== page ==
Senna is an herb used to promote bowel movement and is widely considered an effective laxative. Additionally, its purgative properties have long been noted. Furthermore, Senna can be beneficial in both treating and preventing piles as it encourages detoxification of the body through sweat.

Senna has long been used to treat constipation and is a common ingredient in teas sold over-the-counter. FDA-approved nonprescription laxative, Senna can be taken short term before medical procedures such as colonoscopies.

To make Senna Tea, pour hot water over 1/2 to 2 grams of crushed Senna leaf or pod and allow it to steep for 10 minutes before straining and drinking it – for optimal results it should be consumed before bedtime to help facilitate regular bowel movements in the morning.

Cascara bark

Cascara bark is an herbal laxative widely used throughout indigenous cultures around the world for centuries to cleanse their colon and digestive tract. It has been utilized in medicine and herbal supplements alike. Cascara has many advantages that help relieve constipation while stimulating bowel movement; furthermore it reduces hemorrhoids. Cascara’s active compounds known as anthraquinones help promote intestinal contraction to facilitate evacuation more quickly as well as inhibit reabsorption of water and electrolytes from within the colon, leading to faster softer more rapid movements overall.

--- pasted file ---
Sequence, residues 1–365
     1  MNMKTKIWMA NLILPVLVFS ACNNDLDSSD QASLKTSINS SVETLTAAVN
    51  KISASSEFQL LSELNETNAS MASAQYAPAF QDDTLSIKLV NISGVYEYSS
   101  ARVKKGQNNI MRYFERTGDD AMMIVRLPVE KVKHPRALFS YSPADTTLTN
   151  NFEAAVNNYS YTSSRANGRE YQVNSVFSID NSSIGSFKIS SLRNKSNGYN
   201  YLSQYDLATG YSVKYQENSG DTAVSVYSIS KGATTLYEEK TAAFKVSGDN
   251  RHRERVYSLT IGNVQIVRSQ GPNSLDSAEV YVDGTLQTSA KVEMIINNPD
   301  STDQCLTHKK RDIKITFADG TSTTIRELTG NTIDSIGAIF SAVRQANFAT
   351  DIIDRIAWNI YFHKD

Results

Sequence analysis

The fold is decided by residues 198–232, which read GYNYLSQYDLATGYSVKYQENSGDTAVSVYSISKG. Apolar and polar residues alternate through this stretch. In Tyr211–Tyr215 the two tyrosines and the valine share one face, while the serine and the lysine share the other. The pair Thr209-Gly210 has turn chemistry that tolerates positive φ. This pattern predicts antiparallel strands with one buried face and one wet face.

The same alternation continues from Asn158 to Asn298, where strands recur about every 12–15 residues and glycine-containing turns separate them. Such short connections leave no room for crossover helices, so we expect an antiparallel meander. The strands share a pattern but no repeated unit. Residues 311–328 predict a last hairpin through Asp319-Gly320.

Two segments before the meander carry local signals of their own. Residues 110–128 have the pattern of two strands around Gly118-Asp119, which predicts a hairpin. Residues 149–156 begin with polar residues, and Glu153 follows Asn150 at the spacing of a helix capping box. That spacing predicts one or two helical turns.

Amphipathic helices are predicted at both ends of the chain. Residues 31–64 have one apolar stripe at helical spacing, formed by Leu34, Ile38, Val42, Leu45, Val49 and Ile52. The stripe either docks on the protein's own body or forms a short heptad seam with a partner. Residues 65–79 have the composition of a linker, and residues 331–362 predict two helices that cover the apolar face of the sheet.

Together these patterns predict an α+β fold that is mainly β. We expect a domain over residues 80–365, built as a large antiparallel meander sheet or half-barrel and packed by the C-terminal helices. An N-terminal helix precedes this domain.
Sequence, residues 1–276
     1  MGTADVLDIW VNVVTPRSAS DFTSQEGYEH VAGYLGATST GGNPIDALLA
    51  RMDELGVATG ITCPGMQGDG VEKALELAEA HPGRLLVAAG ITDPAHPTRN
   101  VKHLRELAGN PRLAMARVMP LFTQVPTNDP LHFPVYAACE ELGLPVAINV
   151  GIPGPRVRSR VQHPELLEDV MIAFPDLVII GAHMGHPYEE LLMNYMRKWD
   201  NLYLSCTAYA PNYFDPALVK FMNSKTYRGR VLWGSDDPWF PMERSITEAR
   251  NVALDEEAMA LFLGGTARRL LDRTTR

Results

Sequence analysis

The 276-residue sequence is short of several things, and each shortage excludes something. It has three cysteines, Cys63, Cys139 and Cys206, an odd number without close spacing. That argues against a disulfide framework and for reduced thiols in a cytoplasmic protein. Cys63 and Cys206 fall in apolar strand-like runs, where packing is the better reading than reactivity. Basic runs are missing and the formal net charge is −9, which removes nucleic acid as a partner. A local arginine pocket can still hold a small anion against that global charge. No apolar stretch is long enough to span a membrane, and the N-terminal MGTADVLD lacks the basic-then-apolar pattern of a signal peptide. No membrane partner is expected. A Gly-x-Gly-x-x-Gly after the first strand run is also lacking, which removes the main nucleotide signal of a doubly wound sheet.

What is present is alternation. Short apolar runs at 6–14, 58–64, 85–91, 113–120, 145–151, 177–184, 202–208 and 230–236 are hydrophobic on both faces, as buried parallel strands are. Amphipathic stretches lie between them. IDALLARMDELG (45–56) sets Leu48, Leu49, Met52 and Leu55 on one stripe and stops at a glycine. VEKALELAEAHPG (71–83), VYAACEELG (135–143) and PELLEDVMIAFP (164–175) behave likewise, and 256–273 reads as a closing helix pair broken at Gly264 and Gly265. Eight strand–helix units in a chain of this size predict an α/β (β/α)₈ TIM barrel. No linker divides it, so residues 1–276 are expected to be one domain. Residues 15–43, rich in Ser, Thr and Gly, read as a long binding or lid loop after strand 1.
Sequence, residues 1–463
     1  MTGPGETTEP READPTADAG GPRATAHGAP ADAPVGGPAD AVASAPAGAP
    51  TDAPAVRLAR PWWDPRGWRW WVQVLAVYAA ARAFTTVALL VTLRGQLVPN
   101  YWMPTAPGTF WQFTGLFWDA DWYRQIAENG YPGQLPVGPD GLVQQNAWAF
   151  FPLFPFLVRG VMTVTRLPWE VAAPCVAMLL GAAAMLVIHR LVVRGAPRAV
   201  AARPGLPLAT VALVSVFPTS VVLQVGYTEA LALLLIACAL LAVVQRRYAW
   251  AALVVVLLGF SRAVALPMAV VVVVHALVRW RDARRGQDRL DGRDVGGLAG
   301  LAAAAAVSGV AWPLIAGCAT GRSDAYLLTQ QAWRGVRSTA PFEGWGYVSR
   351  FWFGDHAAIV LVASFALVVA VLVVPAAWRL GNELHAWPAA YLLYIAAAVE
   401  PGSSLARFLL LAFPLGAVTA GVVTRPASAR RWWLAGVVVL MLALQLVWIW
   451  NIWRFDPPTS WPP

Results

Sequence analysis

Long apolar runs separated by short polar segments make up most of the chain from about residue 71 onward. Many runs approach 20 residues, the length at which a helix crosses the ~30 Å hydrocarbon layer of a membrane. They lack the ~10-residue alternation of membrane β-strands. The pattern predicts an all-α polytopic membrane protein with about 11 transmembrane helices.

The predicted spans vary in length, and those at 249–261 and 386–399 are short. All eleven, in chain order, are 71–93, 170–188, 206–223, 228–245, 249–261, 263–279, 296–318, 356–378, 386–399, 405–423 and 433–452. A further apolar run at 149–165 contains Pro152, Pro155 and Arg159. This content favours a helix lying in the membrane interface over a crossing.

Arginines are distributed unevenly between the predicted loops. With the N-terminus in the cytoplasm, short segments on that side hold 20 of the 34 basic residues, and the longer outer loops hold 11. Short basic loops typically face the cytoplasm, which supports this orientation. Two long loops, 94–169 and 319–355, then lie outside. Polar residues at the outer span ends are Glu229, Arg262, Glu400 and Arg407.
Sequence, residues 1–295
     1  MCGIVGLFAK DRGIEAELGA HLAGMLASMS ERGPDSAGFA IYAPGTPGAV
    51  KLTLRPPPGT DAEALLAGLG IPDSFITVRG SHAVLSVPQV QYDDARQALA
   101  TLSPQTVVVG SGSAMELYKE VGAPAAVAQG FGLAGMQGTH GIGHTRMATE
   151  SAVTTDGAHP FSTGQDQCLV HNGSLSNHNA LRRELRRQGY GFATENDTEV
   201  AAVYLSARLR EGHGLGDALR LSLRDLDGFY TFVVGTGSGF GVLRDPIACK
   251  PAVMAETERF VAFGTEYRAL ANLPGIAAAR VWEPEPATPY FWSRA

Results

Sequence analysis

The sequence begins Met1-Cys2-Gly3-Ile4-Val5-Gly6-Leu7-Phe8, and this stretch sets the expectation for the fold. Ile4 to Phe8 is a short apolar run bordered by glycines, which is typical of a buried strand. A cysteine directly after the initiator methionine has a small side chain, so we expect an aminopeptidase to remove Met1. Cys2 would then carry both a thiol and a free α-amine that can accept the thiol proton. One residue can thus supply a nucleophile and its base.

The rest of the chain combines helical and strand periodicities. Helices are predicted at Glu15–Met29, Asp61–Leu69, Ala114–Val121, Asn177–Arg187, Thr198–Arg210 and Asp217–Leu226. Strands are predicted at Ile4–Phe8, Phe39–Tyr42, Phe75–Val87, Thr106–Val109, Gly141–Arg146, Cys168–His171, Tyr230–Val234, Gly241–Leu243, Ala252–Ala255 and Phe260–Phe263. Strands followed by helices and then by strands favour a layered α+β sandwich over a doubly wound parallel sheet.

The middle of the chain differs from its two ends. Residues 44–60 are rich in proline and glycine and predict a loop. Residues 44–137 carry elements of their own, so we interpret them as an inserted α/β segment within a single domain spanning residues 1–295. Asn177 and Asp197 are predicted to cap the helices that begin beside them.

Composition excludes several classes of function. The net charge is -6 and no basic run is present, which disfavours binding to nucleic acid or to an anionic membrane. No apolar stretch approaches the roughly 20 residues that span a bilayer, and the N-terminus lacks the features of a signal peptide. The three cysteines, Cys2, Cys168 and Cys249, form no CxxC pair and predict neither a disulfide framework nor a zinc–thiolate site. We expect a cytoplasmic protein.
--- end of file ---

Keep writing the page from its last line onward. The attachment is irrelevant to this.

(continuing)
The cascara plant, native to western North America, grows as a large shrub with thick reddish-brown bark that contains toxic dark berries that have medicinal uses such as relieving constipation and supporting digestive and colon health. Cultivated and dried for its medicinal purposes such as relieving constipation and supporting digestive health; its medicinal compounds include anthraquinones and resins such as anthraquinone glycosides (emodin being one such therapeutic compound); additionally this herb boasts rich lipids tannins and resins for medicinal uses as well.


Fiber is an integral component of a healthy diet and essential in helping prevent constipation. Fiber helps bind with fats to slow digestion, keeping you fuller for longer while improving overall health. Fiber also stimulates peristalsis – the smooth, undulating motion of intestinal contraction – that sweeps stool along as peristalsis sweeps stool along. Insoluble and soluble forms of fiber exist with insoluble being water-retaining sponge-like substance holding water like sponge to bulk up stool for mild laxative effect – found in whole grains, wheat bran, barley oats nuts beans and vegetables among others. Always cosult with medical expert or any lahore hakeem before using any medicine.

Resistant starch (RS) is a nonfermentable fibre found in potatoes, unripe bananas, cooked and cooled pasta and legumes that helps facilitate bowel movement by adding bulk to stool but does not have laxative effects. RS can be broken down by bacteria in the large intestine to form short-chain fatty acids which improve bowel function while potentially decreasing cholesterol levels in blood vessels.